Carol Monaghan, whom I was pleased to work with on the Higher Education and Research Bill, made a number of interesting points, some of which I agreed with, some of which I did not. She talked about the impact of fees on English students, but the Government’s fee policies affect, and the tuition fees e-petition concerns, not just English students but tens of thousands of students enrolled in higher education in further education colleges, like mine in Blackpool. The issue also affects thousands of Scottish students in England and thousands of students from Northern Ireland. The Minister might want to pause for thought, because the Democratic Unionist party has been less than keen on tuition fees. That was why the DUP absented itself from our tuition fees debate in the main Chamber on
The tuition fee changes that the Government put through before the general election saw the basic rate for tuition fees rise from £6,000 to £6,250 a year. The higher rate moved from £9,000 to £9,250. According to the Sutton Trust’s recent report, “Fairer Fees”, the average debt for students is £46,000. Student fees in the UK are 10 times higher than the European average and twice as high as in the US. In June this year, the Institute for Fiscal Studies sounded further alarms about the Government’s direction of travel. It said:
“Replacing maintenance grants with loans…results in students from low-income families graduating with the highest debt levels, in excess of £57,000.”
It also said that
“changes since 2012 have increased the repayments of almost all graduates, increasing the burden of student loans the most for low and middle earners”.
I have made reference to this elsewhere in the House, but the University and College Union commissioned a report from London Economics that was published on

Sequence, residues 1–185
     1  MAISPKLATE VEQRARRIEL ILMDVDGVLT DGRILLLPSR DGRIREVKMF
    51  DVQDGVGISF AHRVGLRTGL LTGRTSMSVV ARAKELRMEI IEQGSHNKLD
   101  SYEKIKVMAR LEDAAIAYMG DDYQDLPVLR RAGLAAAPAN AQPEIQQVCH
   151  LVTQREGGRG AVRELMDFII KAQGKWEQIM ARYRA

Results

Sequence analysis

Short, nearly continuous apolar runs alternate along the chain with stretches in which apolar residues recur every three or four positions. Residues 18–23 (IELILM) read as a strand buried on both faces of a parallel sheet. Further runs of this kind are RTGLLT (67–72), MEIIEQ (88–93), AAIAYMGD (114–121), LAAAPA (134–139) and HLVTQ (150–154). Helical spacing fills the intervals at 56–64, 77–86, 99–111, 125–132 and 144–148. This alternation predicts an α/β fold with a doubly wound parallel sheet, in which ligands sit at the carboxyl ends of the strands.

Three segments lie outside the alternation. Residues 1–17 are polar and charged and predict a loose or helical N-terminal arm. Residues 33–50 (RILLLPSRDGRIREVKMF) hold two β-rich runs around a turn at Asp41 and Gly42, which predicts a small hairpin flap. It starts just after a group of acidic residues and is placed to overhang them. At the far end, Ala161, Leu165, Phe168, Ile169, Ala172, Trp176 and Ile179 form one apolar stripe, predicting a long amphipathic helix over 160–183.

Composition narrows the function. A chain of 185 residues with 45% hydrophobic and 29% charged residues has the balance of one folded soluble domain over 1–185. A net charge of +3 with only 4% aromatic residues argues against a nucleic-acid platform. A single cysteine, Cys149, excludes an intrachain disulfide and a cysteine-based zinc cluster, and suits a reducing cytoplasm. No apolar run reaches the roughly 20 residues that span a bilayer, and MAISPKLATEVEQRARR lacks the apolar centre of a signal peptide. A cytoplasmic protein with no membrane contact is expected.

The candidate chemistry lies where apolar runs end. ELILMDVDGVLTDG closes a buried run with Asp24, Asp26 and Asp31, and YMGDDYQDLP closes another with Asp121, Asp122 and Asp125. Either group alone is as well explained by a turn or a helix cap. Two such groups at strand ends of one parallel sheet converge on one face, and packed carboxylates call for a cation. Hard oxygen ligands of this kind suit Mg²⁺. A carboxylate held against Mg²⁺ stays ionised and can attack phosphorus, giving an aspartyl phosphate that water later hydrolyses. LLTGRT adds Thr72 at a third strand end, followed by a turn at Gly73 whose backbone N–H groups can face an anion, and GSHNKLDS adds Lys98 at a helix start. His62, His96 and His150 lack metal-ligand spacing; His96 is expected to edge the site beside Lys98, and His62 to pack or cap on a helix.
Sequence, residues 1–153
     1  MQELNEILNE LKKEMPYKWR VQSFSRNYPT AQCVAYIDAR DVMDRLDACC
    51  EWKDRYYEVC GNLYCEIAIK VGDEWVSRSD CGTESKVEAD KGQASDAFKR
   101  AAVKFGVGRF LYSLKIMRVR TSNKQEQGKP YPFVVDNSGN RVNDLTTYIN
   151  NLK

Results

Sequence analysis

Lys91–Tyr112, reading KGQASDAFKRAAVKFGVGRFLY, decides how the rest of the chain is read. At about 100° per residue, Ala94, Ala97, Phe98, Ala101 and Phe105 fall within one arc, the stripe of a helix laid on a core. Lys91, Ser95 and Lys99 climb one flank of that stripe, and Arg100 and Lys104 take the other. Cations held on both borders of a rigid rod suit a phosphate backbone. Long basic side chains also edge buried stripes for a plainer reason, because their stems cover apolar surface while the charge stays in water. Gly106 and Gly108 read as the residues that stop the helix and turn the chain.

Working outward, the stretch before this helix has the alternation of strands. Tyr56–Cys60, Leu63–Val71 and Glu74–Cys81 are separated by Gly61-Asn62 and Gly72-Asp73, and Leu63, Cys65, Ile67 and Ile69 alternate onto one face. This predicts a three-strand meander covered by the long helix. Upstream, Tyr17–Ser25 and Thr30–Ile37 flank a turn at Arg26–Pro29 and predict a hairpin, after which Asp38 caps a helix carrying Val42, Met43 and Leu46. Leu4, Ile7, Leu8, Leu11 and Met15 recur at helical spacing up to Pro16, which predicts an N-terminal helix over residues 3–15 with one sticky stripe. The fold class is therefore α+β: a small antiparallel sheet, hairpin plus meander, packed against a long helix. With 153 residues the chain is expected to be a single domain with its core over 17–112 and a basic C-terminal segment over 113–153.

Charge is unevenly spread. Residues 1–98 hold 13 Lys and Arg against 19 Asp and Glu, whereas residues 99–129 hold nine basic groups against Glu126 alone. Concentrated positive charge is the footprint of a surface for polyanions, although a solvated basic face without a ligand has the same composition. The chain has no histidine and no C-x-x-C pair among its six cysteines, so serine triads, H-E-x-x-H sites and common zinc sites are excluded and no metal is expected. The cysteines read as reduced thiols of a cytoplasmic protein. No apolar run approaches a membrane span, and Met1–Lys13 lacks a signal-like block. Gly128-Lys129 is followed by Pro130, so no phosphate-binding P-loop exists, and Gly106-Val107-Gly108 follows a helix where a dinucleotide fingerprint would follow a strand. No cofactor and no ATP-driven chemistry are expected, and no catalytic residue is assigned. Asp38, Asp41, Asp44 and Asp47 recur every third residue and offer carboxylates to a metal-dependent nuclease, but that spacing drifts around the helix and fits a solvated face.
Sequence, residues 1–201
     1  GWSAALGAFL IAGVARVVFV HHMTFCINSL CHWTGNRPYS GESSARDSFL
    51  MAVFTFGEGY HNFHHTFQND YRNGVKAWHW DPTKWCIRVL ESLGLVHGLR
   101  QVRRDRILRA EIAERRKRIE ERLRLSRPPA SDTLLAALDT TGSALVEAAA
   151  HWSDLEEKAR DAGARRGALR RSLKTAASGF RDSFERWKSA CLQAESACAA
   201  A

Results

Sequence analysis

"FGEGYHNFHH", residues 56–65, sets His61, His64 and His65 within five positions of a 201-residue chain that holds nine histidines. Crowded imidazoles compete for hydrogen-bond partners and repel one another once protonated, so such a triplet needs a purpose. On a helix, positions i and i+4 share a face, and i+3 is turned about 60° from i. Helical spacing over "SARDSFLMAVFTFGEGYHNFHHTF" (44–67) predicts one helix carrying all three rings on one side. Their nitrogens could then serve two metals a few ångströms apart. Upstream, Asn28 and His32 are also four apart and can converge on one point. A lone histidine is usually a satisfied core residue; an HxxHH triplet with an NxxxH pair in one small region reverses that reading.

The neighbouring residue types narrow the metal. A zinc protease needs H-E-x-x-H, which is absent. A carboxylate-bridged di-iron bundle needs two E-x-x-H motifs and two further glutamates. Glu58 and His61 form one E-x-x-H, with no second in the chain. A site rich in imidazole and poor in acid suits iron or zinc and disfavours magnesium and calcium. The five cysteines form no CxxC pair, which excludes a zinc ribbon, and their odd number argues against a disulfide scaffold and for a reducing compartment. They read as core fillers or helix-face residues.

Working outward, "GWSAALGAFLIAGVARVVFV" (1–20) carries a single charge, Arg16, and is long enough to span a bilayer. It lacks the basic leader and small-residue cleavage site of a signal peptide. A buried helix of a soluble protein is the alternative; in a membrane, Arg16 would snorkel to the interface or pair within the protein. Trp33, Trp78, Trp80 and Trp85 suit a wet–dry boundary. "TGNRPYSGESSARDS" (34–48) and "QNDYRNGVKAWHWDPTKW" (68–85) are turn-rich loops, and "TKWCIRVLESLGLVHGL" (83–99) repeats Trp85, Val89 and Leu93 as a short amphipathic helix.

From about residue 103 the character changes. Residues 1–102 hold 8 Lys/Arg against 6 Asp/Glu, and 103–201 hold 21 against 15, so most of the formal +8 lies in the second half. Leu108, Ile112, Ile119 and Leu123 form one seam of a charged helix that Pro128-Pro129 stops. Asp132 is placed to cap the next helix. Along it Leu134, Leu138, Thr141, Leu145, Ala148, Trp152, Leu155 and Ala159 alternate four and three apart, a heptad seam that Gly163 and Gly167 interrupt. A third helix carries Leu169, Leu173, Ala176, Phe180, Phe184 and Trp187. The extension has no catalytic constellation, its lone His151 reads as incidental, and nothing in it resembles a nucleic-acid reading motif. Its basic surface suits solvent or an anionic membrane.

The Sutton Trust has issued Members with a factsheet on student debt, but it has also done research that shows that in 2017, financial worries about HE were particularly pronounced, and they increased in families with low levels of affluence. Some 66% of those families were worried, as compared with 46% in high-affluence households. It is no wonder that the results of the survey of student experience by the Higher Education Policy Institute and the Higher Education Academy show that just 35% believe that their higher education experience represented good or very good value for money.
I have talked about the issues around the drop-out rate. Two recent reports from the Office for Fair Access and the Social Market Foundation point to growing drop-out rates, particularly among students from disadvantaged backgrounds. I have already referred to the Sutton Trust survey. It showed the poorest statistics in eight years for school students wanting to plan for higher education.
I will raise a point that the Government seem to neglect. I have talked before about the fact that we can nudge people away from things as well as towards them. The issue is not just a question of the increasing pressure on those who have taken out loans and how that affects their social mobility; it is also a question of how that puts off people who might want to go to higher education in the first place. By its very nature, that is much less quantifiable, but it is a real factor that needs to be discussed.